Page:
by Ananda Ladi, Partner, Zinnov; Chaitra Ramalingegowda, Marketing, Zinnov
In a nutshell, Product Engineering can be described as the process of designing, developing, and deploying a product. With time, the traditional Waterfall Model of product development became ubiquitous. The sequential design approach quickly captured the imagination of engineers, due to its inherent simplicity and ease of use. Each step is linear and clearly defined, where each phase is completed before the next begins.
Why the Waterfall Model Has Run Dry
While the Waterfall Model changed course and was modified several times over the years to suit changing needs of the customers and costs, it still inherently had a number of challenges. Chief among them being extremely long release cycles, lack of flexibility, lack of prototyping, higher risk, uncertainty, and integration possible, only at the end.
With the passage of time, in a generation of almost instant gratification, customer needs evolved and they were expecting bigger and better things in a matter of days and weeks, no longer satisfied with long waiting times of months and/or years. This was against the very core of the Waterfall Model. This ship had sailed. The need for a model that is on-demand, faster, cheaper, and better, that could be modified in a shorter amount of time, with lower overhead costs became the wave that product companies felt the need to ride.
Zinnov conducted an extensive study where we found 50% of the product engineering spend and resources was deployed after the code developed in the implementation phase (ref image 1) had been checked in. A far from optimal way of developing a product, as a result of vast time being spent and a lot of redundancies being created. Additionally, any modifications, alterations to the product after deployment, was expensive as well, because it meant going back to step one of the entire process. As market dynamics evolved, Product Engineering organizations have adopted strategies to overcome the challenges of the Waterfall Model, the chief among them being the Agile Product Development methodology, and now Product Engineering Automation.
Reducing costs, building near-complete products, and faster release cycles need to be paramount for product engineers. These can be achieved through an agile product development approach, where cross-functional teams (that use Scrum or Kanban frameworks) work parallelly. It’s a collaborative approach where adaptive planning, evolutionary development, early delivery, continuous integration, continuous testing, continuous deployment, and continuous improvement/modifications are possible.
While the agile method of product development is a faster, cheaper, better way, there is still room for improvement. By automating certain processes after the code has been checked in, the efficiency of the agile method can further be improved. Testing automation has already gained substantial traction, and now Test Design, Installation, and even Staging Release are being automated for precision-led outcomes and shorter development cycles.
When sub-processes are automated, it leads to increased organization agility and speed, while increasing product reliability, sales, customer satisfaction, innovation, employee efficiency to name a few. In turn, it helps reduce costs, time to market, lead times, and failure rates, thus increasing organizational agility and speed.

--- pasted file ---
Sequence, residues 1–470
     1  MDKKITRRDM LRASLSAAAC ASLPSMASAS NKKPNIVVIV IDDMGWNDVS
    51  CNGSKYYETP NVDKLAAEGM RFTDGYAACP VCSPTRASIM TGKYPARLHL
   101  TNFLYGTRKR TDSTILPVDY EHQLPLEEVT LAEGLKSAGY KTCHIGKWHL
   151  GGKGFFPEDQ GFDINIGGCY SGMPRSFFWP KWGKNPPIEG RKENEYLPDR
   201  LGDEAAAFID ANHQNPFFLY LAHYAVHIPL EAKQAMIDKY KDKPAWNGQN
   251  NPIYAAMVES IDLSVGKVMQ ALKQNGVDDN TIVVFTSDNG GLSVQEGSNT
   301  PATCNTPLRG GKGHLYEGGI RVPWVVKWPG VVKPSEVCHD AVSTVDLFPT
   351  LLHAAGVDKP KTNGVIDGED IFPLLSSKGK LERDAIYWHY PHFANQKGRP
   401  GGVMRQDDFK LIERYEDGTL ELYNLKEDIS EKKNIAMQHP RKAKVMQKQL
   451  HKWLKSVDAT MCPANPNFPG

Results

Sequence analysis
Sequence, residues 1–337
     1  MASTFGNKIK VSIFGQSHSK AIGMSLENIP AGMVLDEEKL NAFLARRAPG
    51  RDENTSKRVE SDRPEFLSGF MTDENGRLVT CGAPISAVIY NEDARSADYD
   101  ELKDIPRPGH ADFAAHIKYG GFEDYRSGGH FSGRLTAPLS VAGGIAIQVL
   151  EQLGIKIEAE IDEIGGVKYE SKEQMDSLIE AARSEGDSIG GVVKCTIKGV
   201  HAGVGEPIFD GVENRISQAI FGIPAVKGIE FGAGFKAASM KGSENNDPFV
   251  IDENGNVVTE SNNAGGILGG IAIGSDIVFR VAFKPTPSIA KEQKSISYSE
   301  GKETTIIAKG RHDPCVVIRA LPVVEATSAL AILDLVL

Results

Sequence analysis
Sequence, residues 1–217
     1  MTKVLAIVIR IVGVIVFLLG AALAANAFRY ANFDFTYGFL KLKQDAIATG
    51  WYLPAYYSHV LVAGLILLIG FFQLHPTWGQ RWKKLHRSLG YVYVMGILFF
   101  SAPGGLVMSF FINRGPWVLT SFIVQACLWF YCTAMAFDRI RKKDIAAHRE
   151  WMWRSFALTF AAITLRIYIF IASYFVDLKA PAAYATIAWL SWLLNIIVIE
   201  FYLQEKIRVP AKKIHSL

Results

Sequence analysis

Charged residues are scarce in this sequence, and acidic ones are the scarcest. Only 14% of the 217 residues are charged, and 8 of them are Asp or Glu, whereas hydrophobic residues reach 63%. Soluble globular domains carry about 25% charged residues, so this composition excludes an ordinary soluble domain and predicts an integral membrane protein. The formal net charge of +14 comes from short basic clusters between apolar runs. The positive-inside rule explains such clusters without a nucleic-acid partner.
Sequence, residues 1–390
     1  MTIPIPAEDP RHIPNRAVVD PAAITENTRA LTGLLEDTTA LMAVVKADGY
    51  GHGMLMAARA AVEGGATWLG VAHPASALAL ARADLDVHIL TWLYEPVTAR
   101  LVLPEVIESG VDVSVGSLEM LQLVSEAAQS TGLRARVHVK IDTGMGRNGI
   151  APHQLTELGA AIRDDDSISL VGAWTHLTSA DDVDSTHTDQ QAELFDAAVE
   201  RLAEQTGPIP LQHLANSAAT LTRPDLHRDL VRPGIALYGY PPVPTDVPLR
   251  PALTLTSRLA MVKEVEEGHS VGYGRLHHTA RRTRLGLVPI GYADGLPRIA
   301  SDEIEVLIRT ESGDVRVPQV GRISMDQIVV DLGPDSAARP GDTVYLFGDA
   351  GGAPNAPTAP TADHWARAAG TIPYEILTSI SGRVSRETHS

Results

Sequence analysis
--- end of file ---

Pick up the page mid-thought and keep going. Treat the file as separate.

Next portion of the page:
What Throws A Spanner In The Works
Although there are marked benefits of Product Engineering Automation, our research shows that there are significant challenges to automate processes within the agile framework. Some of them include –
- Legacy Applications: They may not support integration with newer DevOps and Test Automation tools. Earlier releases of the products or end-of-life products which run on obsolete platforms are hard to integrate into a new age engineering automation setup.
- Varying rhythms of Business Lines: Different business lines may have different security needs, user scenarios, and mode of access restrictions. These situations prevent an effective engineering automation strategy from being implemented.
- Varying Vendor Maturity Levels: In the current outsourcing world, different vendors may have varying maturity levels, where some vendors may not have the capability to work in a centralized engineering automation scenario.
- Mindset Shift: To be able to effectively implement successful engineering automation, most developers may need to think like testers, rendering individual testers obsolete. This may require a mindset shift, which is bound to come up against resistance.
- Different Technology Stack Requirements: Increasingly, there is a business need for the products to support multiple platforms like MS Stack, Open Source, Mainframes, Cloud vs On-premise, may hinder in an effective implementation of engineering automation.
- Security Concerns: Since Open Source tools are used extensively, many security concerns are raised. Using Open Source tools and the need to make data available to many more people raises security concerns.
- Deployment Mechanism: Making the choice between Cloud vs On-premise for deployment of the product.
While Product Engineering Automation infuses speed and agility into the process of product development, organizations need to deliberate both in planning the rollout and also in the selection of a partner who will be implementing the same. We recommend that companies aiming to automate should find a strategic partner who has prior experience in product engineering automation, to maximize chances of success.
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